We’ve reported in the past about a Riggins-based miner who received approval from the state of Idaho for a commercial riverbed lease in a popular section of the Salmon River, just downstream of Riggins. The gold mining operation could affect up to one mile of the riverbed in habitat designated for salmon and steelhead and in a stretch of river important to the local recreation economy.
Despite 2017 approval from the Idaho Land Board (made up of the governor, attorney general, secretary of state, schools superintendent, and controller), the miner has not received approval from the U.S. Environmental Protection Agency or Army Corps of Engineers. Such approval is necessary because the EPA has restricted dredge mining in the Salmon River and other rivers and streams that provide critical habitat for salmon, steelhead and trout.
In response to the miner’s application, the Army Corps of Engineers is considering impacts of this proposal and will work with the National Oceanic and Atmospheric Administration (NOAA) Fisheries and U.S. Fish and Wildlife Service (USFWS) to consider measures that would protect endangered species. Because the Salmon River is considered a “navigable stream” by the government, the Army Corps must determine whether a project is in the public interest before any permit can be authorized. We don’t believe that this project is in the public interest, and hope you agree. The Army Corps also wants to hear from you!
What Is Suction Dredge Mining?
Imagine a high-powered vacuum floating on pontoons. The miner dives to the bottom of the stream and sucks up gravel and sediment with a large hose, excavating down to the bedrock. The dredged material (sediment, gravels, rock and water) is discharged through a sluice box on the back of the floating dredge, capturing the gold and spewing sediment and gravel back into the water.
The practice can wreak havoc on fish habitat and water quality:
- Sediment discharged by the dredges can smother fish eggs.
- Gravel deposited behind the dredges can create unstable spawning beds, which can be attractive to fish yet fail to provide the stable substrate that eggs need to survive.
- Holes created by the dredging can persist, changing river hydrology, leading to downstream erosion and creating dangerous wading conditions for boaters and anglers.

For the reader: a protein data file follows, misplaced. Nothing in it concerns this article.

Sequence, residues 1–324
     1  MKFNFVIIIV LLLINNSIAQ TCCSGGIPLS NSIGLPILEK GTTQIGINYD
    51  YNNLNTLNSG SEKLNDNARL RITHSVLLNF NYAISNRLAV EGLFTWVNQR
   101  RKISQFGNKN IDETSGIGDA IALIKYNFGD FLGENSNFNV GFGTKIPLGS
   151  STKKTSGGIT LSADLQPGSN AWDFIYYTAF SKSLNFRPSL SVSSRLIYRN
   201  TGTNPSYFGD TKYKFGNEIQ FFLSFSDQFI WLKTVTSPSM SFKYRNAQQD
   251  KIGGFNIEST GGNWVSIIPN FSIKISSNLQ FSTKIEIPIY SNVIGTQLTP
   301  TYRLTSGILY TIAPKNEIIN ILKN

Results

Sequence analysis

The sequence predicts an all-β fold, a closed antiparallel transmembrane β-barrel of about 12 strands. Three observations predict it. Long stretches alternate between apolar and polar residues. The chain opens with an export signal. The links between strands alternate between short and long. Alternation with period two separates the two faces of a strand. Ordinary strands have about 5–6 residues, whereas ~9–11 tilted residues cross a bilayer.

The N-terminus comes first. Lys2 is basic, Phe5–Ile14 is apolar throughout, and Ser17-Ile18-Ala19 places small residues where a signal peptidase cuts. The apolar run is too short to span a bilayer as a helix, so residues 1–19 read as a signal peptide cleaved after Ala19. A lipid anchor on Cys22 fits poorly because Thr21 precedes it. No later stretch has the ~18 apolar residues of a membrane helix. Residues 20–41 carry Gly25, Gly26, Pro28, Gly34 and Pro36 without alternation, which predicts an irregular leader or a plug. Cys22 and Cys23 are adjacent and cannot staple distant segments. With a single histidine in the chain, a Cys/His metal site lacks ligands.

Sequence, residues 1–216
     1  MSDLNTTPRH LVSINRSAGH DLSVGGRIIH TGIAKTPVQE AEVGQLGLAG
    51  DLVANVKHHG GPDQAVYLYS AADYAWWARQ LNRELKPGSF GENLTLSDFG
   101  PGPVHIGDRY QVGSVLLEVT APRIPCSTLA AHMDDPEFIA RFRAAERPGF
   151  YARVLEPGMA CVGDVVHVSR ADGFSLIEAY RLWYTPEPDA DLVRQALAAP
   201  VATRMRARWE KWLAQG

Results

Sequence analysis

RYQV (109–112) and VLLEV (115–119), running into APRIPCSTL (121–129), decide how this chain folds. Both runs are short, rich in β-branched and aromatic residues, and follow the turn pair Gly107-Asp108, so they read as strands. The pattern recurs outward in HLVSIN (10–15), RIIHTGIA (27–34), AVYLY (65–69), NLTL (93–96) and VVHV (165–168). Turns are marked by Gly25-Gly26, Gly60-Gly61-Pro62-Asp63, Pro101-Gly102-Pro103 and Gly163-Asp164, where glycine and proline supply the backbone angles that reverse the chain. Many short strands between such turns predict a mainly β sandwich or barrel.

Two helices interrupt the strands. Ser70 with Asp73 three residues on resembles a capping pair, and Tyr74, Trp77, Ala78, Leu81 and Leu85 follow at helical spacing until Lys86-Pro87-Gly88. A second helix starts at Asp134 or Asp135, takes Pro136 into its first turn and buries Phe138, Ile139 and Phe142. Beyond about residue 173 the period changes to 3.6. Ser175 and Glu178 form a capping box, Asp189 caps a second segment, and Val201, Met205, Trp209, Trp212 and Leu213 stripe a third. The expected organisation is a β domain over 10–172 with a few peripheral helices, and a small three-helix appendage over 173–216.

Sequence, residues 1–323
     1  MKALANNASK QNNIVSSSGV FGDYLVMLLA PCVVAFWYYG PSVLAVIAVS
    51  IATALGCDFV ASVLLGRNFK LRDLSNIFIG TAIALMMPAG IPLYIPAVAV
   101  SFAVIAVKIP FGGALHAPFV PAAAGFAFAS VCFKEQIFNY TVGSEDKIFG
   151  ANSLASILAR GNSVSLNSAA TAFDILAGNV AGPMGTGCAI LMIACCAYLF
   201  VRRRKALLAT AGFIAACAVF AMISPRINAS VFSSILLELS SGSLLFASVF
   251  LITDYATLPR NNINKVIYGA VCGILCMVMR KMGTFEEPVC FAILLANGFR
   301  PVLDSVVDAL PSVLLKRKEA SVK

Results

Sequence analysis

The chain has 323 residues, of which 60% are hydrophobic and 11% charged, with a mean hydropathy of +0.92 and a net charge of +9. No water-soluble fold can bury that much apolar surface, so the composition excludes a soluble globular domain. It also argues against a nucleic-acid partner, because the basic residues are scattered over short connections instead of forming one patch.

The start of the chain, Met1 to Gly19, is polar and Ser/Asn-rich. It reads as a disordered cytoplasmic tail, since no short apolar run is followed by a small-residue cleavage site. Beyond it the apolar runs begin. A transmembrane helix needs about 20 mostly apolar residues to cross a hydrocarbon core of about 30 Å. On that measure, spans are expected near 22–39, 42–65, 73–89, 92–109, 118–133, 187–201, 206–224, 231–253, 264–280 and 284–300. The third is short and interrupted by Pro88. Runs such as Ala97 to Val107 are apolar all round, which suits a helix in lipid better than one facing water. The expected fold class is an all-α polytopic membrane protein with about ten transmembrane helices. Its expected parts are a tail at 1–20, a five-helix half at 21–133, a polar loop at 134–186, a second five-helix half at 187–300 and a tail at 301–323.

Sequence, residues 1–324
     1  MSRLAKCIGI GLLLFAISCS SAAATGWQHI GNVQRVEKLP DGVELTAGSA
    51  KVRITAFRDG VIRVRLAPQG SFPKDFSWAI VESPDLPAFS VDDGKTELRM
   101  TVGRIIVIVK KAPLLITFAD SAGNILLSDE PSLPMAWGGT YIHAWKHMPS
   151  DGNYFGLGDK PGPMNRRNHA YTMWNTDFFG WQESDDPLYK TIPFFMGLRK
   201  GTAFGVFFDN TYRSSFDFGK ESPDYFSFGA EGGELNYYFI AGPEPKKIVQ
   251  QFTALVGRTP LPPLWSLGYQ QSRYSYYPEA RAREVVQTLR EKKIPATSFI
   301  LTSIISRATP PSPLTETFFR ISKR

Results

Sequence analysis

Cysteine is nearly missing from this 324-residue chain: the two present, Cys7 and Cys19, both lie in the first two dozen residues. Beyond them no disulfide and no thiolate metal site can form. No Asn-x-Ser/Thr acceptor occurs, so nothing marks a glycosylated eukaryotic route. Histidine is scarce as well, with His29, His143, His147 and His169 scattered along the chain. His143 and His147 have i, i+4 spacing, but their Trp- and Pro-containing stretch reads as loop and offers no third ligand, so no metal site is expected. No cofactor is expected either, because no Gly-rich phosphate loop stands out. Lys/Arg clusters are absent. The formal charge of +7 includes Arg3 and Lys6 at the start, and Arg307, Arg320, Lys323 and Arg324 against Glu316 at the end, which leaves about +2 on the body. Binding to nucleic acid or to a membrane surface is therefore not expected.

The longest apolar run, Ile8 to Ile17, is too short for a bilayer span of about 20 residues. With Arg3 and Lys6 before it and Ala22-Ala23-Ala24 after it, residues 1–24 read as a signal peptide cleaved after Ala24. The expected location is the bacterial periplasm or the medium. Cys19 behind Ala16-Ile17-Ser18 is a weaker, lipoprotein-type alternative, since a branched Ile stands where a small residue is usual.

- Mercury can be released into the water column, threatening public health, aquatic species and downstream users.
- Fisheries biologists, hydrologists and others agree that suction dredge mining is harmful to fish and threatens water quality. That’s why restrictions, limitations or statewide bans have been put in place in Idaho, Oregon, California and other western states.
- Dredges can harm streambanks and streamside vegetation as the equipment is hauled in and out of the water or used to dredge beneath streambanks.
What’s the Deal with the Army Corps and EPA Permits?
Up until 2013, nearly 1,000 miners each year operated suction dredges in Idaho’s rivers and streams with a $10 state permit. Similar to a fishing license, the $10 permit allowed dredgers to mine in waters designated by the Idaho Department of Water Resources as open to this activity. Based on concerns raised by Idahoans, the EPA recognized that Idaho’s permitting system was inadequate to protect clean water.
In response, the EPA issued a new permitting system in 2013 (updated in 2018). Dredge miners had to apply for a permit, and the agency could authorize applications to suction dredge in places where harm to salmon and steelhead could be avoided. Recognizing the harmful effects of dredge mining on water quality and endangered species, the EPA prohibited suction dredge mining in Idaho rivers that were already affected by sediment or designated as critical habitat for fish. The free EPA permit represents the only way for Idaho miners to comply with the Clean Water Act and operate a suction dredge in Idaho.
In 2016, the Army Corps of Engineers redesignated the Salmon River as a navigable stream. As a result, permits are required for anything under, over or in the river, including suction dredges.The permit, pursuant to section 10 of the 1899 Rivers and Harbors Act, requires a review to ensure that the project is “in the public interest.” If approved, this would be the first suction dredge mining operation authorized in Idaho’s iconic Salmon River.
What Happens Next?
ICL is monitoring the proposal closely. And we encourage you to voice your concerns to the Army Corps of Engineers. Use our form to take action for keeping the Salmon River safe for endangered salmon and steelhead! Speak up now – the deadline is Aug. 14. [This comment period is no longer open.]
Clean water and a healthy Salmon River are priceless assets for Idahoans and those who live and play downstream. We all have the right to use the Salmon River – no one has the right to abuse it.